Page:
The solitary writing life lends itself to the lonely drinking life, but even the most anti-social writer has to interact with humanity once in a while. And what better place than a bar? Hemingway had La Closerie de Lilas, Thomas the White Horse Tavern. Brooklyn writers have Literate Sunday, the anonymous writing salon where readers and writers can enjoy a beer and read fiction by local writers. Well, they had it, because Literate Sunday’s longtime headquarters in Williamsburg, The Plank, unexpectedly shuttered at the end of October, leaving the literary salon sans sanctuary. Although its first home is gone, Literate Sunday is growing fast; and they need your help in finding a new place to live.
Just over a year old, Literate Sunday started as “literary experiment between local Brooklyn writers who each wanted to share their work with each other,” according to founder Matthew D’Abate. It has since published the work of famous and amateur writers alike, and was even profiled in the Times last September. Everyone who submits is judged by his writing alone, and not his name, age, or notoriety. “That’s what makes it so much fun,” D’Abate says. Visitors can read one of the five stories printed up each week and write their comments on the back.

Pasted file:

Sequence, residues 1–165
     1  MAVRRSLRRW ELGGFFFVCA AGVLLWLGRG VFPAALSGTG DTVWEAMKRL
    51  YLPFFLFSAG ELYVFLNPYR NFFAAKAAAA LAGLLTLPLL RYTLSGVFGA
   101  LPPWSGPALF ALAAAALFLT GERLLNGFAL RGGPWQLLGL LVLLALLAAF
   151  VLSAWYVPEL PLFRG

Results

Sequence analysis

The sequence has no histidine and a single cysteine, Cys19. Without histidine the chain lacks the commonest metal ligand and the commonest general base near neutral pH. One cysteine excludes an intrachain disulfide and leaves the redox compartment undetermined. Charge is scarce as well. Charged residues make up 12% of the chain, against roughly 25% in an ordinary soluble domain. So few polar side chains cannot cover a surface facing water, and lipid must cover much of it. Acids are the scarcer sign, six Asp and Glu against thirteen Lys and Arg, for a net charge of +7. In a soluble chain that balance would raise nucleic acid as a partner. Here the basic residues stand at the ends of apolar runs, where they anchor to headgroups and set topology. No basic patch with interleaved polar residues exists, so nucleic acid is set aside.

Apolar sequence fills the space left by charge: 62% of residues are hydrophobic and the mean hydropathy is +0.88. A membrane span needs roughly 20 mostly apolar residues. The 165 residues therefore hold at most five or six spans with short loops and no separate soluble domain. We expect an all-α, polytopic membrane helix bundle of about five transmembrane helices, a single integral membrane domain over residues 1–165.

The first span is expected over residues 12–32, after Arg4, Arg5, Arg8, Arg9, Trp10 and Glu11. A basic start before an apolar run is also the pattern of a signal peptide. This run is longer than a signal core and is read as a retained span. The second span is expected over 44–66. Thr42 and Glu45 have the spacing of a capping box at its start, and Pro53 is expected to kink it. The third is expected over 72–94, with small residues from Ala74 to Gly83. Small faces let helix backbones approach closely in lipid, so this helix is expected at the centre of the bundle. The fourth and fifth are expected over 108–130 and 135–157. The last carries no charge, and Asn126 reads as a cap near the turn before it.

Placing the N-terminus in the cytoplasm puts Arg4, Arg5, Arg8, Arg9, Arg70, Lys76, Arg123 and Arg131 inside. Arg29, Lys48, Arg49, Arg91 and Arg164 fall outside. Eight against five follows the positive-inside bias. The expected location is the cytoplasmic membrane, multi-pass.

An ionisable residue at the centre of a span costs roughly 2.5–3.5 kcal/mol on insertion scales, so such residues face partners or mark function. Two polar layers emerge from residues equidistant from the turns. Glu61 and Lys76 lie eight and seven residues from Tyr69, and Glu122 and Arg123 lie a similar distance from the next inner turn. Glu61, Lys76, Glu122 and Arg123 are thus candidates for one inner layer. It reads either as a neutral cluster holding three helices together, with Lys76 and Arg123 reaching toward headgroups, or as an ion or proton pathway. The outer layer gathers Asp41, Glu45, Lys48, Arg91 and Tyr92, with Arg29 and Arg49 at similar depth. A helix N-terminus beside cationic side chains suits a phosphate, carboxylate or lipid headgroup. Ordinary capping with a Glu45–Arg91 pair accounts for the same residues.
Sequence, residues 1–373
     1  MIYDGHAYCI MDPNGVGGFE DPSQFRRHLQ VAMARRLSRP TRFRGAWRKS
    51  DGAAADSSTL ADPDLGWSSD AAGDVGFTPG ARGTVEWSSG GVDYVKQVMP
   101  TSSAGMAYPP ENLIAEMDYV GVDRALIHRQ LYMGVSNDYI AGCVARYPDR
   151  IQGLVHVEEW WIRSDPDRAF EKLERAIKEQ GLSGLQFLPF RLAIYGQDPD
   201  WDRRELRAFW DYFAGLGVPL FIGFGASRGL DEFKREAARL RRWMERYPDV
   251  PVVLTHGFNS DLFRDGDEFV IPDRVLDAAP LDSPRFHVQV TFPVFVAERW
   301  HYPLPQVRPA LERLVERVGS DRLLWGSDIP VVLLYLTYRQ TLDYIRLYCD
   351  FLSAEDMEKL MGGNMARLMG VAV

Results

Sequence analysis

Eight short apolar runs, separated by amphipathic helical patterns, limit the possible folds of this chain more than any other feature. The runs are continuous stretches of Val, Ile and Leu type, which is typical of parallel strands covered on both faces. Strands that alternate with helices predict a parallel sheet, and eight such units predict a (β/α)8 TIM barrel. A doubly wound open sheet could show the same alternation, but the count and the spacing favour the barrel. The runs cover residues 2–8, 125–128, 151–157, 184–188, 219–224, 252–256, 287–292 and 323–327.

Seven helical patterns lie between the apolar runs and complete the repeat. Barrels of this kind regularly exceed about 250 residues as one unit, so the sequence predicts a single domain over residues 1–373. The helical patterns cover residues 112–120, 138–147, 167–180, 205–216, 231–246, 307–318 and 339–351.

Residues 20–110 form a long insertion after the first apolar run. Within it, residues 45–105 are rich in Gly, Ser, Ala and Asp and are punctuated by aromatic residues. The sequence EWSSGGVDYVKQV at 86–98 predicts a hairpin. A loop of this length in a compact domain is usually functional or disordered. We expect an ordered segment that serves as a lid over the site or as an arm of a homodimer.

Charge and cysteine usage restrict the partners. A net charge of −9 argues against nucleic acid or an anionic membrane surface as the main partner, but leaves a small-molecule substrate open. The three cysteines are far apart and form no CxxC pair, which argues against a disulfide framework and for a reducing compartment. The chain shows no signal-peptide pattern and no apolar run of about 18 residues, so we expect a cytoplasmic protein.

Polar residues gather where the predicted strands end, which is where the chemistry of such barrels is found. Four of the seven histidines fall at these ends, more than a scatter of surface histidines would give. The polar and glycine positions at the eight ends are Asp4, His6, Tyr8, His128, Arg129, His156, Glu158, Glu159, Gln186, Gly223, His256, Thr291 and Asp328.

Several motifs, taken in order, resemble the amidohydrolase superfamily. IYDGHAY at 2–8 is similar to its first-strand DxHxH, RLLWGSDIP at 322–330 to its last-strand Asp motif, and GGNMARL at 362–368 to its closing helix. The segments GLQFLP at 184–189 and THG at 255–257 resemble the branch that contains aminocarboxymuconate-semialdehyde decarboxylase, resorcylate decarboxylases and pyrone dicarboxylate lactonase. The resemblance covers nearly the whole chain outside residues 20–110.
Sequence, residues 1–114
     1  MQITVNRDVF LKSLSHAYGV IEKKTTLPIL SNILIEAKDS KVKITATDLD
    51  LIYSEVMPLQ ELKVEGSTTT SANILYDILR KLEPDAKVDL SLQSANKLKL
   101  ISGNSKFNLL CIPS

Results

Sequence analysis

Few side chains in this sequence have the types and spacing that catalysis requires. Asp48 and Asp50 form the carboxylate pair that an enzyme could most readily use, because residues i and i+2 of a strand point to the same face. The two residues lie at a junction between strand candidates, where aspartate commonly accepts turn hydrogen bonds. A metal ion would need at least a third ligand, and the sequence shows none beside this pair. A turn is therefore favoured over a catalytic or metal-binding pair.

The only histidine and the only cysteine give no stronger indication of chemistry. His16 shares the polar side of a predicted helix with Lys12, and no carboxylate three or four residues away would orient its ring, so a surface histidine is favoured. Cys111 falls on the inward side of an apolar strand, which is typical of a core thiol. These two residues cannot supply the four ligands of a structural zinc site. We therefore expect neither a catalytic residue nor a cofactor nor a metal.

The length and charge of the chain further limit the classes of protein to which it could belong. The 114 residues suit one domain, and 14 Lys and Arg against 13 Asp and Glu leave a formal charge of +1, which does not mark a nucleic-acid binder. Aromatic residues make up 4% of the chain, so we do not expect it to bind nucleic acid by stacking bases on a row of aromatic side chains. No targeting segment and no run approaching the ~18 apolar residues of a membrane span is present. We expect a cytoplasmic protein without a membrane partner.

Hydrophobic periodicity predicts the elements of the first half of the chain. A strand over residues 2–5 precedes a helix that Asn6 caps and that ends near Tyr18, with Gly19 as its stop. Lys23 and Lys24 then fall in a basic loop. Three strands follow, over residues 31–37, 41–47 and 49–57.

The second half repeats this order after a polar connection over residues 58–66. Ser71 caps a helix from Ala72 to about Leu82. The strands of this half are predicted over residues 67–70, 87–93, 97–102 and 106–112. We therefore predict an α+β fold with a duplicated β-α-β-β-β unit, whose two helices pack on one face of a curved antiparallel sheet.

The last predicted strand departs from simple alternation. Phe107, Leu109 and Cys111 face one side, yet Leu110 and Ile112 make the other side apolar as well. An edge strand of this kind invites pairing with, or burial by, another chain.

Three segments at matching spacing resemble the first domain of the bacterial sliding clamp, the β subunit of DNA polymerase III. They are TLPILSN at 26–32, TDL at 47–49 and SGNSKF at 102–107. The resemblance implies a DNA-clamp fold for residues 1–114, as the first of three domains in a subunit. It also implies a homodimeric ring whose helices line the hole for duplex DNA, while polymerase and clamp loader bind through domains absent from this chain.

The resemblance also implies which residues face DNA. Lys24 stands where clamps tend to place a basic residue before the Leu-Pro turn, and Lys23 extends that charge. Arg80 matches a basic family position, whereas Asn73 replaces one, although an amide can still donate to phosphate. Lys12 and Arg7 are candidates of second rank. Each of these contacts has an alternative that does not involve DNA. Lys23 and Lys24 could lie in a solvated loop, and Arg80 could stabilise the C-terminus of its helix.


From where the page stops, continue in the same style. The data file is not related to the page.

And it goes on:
Literate Sunday also has a successful website, where over 1,000 subscribers from Omaha to Riyadh read and critique each week’s story, as well as receive inspirational emails from D’Abate. But there’s something about gathering in a central place every week to mingle with other readers that can’t be recreated with a website. So Literate Sunday is dedicated to finding a public space in Brooklyn (and soon other cities across the world) where anyone can visit for a drink and a story.
If you know a bar that wants a weekly cadre of thirsty writers who’ll buy drinks and readers discussing the merits of anonymous great fiction, contact Literate Sunday at literatesunday [AT] gmail.com. In the meantime, you can participate in Literate Sunday online by signing up at their website.